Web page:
How to Choose the Most Flattering Coloring Technique for Your Hair

Ever wondered which hair coloring technique would truly look best on you but all of the options of today seem overwhelming? It seems like every hour a new color, style, or process is discovered and obsessed over, just as your learning about the one popularized before it! Fortunately, we’ve laid out some of the best to help you understand exactly what each technique does and if it will work for you.

Choosing the Right Color for Your Skin Tone

Before deciding on the technique you’ll want to use on your hair, you will need to decide which color suits your skin tone best. The easiest way to start is to think of skin tones in terms of warm, cool, and neutral.

If you have cool skin, look for pink and olive undertones in your skin. And, obviously, warm-toned skin is more yellow and gold. The best rule of thumb for choosing a hair color is to oppose your skin color. For pale skin with reddish undertones, for instance, an icy, cool blonde is the perfect shade. Check the veins in your wrist for a foolproof way to determine your skin tone if you’re still unsure. For deep undertones, your veins should have a purple tint. If your skin is warmer, you will have greenish veins, and cool tones have blue-tinted veins.

Choosing the Right Color and Technique for Your Hair Type

Before you hit the salon, it’s essential to identify your hair type and the most complimentary color. With a wide variety of coloring techniques available, never fear, options are endless.

Straight and relaxed hair can usually handle some wild types of hairstyles, especially being a neutral backdrop for tie-dyed hair, but can look silly with drastic techniques like frosted tips. Babylights, sombre, and even ombre give hair with little body dimension and movement without looking too harsh.

The best bet for straighter hair is a freehanded technique where your stylist (or you) can add the details as you choose.

Hair with a subtle wave has the fortunate benefit of maintaining all hair techniques decently. It’s not too busy for dip dye, ombre, or tie-dyed hair, but also has enough dimension to handle even the subtlest of babylights.

Curly hair comes alive when emboldened with highlights and lowlights. Techniques like babylights and balayage let your stylist work precisely with your unique set of curls. Dimension can be added where needed and can work with, not against your hair type.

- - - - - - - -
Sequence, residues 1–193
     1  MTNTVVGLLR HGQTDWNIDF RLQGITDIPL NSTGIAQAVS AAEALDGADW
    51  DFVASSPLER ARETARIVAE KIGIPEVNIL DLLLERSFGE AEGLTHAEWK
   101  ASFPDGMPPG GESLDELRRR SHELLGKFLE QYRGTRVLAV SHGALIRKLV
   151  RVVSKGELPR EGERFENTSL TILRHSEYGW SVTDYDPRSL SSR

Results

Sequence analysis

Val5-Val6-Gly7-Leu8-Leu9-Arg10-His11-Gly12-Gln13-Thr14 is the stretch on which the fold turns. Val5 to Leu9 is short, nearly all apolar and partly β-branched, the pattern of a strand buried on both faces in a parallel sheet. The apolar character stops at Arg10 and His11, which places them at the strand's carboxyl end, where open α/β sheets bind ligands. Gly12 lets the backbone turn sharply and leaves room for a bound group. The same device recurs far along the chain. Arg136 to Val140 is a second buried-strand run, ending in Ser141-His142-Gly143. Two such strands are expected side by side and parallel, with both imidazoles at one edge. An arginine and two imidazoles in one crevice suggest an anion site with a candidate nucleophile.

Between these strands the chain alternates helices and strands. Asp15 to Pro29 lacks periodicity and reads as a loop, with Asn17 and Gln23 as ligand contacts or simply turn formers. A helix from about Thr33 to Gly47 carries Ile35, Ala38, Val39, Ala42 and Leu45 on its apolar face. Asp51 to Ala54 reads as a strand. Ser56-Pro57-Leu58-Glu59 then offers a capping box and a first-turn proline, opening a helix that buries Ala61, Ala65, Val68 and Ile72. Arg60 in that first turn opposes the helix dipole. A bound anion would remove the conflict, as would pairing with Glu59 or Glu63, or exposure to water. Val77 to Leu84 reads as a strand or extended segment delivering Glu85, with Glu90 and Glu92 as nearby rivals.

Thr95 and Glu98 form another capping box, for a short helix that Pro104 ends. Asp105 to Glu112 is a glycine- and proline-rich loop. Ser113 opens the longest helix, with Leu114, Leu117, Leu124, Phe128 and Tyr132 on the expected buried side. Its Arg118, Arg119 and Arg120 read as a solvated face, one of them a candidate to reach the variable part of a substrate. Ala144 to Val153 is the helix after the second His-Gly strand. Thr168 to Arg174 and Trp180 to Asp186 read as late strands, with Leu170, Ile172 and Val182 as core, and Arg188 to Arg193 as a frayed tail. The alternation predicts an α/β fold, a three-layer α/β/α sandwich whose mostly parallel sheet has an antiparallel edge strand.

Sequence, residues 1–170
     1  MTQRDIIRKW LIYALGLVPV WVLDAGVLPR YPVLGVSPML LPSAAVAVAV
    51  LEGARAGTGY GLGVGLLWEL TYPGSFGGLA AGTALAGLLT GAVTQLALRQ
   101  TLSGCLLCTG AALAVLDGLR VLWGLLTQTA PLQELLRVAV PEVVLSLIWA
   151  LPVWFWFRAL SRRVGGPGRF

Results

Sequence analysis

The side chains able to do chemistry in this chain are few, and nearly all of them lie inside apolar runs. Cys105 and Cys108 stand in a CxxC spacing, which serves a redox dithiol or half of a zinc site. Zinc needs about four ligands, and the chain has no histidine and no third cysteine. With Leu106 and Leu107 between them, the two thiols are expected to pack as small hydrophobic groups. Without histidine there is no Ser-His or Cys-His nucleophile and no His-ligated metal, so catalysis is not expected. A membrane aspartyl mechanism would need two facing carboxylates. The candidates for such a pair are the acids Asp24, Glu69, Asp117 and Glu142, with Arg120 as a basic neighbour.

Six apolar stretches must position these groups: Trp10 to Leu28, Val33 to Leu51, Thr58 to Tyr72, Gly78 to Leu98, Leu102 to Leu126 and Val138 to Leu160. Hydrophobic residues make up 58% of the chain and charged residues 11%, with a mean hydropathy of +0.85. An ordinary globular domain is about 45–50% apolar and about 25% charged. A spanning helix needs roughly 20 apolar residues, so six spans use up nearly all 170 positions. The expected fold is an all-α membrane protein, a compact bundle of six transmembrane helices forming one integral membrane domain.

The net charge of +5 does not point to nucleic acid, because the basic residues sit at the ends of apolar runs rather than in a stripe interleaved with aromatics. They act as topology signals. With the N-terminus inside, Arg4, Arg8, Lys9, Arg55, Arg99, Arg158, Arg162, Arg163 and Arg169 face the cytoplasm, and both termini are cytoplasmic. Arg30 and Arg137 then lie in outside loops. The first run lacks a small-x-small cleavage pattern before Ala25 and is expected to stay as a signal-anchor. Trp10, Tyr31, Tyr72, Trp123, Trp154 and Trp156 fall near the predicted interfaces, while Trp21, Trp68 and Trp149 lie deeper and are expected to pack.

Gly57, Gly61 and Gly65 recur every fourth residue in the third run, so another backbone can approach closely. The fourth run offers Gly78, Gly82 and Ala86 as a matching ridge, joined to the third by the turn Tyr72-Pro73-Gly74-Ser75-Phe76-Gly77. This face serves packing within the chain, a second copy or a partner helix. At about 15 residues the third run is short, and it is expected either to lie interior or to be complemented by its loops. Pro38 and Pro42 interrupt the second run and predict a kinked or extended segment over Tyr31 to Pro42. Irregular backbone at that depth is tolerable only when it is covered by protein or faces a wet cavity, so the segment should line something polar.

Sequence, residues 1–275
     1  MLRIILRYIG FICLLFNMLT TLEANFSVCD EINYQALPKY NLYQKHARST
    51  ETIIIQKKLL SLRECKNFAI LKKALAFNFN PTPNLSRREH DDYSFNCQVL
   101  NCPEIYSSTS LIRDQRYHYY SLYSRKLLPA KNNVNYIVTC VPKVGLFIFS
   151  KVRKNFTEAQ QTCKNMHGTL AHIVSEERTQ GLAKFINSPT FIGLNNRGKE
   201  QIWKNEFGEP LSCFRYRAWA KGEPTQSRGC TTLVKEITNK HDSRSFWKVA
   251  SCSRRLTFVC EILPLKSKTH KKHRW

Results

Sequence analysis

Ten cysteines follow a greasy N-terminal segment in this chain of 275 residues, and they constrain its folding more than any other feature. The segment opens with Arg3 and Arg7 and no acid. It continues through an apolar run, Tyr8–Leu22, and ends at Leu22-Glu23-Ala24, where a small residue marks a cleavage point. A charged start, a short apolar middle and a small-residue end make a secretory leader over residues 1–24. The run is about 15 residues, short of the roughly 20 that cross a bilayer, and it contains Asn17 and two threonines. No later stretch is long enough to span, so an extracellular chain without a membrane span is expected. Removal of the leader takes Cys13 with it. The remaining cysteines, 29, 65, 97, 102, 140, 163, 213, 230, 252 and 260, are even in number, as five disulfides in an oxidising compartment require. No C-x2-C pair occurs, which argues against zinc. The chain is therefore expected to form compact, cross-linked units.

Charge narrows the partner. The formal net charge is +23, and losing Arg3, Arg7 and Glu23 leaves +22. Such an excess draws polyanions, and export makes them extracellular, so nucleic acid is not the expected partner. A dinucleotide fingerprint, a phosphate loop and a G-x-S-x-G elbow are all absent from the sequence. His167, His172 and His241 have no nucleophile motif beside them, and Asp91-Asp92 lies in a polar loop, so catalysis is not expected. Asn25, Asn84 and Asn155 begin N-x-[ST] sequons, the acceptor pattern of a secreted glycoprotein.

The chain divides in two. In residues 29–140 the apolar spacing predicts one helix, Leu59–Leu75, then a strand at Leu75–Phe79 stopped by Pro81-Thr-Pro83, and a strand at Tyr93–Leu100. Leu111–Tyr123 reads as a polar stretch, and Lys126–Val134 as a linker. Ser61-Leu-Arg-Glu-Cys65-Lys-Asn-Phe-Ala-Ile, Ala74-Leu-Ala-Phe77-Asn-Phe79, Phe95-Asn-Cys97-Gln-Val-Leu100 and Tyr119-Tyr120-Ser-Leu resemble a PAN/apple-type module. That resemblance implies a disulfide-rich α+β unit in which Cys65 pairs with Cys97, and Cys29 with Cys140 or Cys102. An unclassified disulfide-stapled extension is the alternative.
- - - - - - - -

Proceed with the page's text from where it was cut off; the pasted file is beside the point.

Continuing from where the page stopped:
Popular Coloring Techniques

Still a bit torn on which technique is for you? We’ve got them all laid out so the only question you’ll be left with is where to wear your new hair first!

Balayage

Ah, the beloved technique for the low maintenance gal! Balayage has been around for a minute but refuses to go anywhere — thanks to its versatility and beautiful effect. It can be applied on any hair color or type but looks especially great if you’re a brunette or dirty blonde looking to incorporate warmer highlights in your hair without any stark contrast between colors. To use this technique, color is swept through small triangle sections of hair to give your mane a natural look and make the transition almost seamless.

Balayage Technique

Highlights

If you are looking to take your hair from dark to light, this coloring technique may be your best bet. Highlights are mostly done in a foil form with a sequence of one or more colours, which means it allows you to get higher contrast. At the same time highlights give you a more consistent and formal look than free-hand painting techniques. They are perfect for women with fine hair, since they increase dimension that creates the illusion of volume.

Highlights Technique

Babylights

Babylights are just like regular highlights, but are more delicate and spaced much closer together in order to look natural and subtle. The highlights are so fine that there is no line of demarcation at the root where the color grows out. Because babylights mimic natural hair, any color or hair type will work with this technique. However, if you’re someone who hates spending too much time in the salon, babylights might not be for you. All that precious attention to detail has to have a cost somewhere!

Babylights Technique

Lowlights